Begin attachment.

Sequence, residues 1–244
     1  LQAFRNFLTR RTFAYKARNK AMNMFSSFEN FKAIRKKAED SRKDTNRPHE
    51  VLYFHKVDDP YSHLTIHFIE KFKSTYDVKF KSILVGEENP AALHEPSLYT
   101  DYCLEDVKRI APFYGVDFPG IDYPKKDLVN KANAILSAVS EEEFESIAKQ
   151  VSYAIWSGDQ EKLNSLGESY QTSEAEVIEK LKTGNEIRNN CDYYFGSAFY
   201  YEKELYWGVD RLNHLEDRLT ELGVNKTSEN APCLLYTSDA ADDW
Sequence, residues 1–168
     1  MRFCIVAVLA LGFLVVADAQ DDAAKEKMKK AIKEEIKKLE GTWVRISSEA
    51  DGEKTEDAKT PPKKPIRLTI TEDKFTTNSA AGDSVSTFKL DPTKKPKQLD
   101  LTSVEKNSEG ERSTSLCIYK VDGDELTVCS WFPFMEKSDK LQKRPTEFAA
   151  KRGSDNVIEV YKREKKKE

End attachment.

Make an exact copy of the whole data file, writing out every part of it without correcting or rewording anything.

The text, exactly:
Sequence, residues 1–244
     1  LQAFRNFLTR RTFAYKARNK AMNMFSSFEN FKAIRKKAED SRKDTNRPHE
    51  VLYFHKVDDP YSHLTIHFIE KFKSTYDVKF KSILVGEENP AALHEPSLYT
   101  DYCLEDVKRI APFYGVDFPG IDYPKKDLVN KANAILSAVS EEEFESIAKQ
   151  VSYAIWSGDQ EKLNSLGESY QTSEAEVIEK LKTGNEIRNN CDYYFGSAFY
   201  YEKELYWGVD RLNHLEDRLT ELGVNKTSEN APCLLYTSDA ADDW
Sequence, residues 1–168
     1  MRFCIVAVLA LGFLVVADAQ DDAAKEKMKK AIKEEIKKLE GTWVRISSEA
    51  DGEKTEDAKT PPKKPIRLTI TEDKFTTNSA AGDSVSTFKL DPTKKPKQLD
   101  LTSVEKNSEG ERSTSLCIYK VDGDELTVCS WFPFMEKSDK LQKRPTEFAA
   151  KRGSDNVIEV YKREKKKE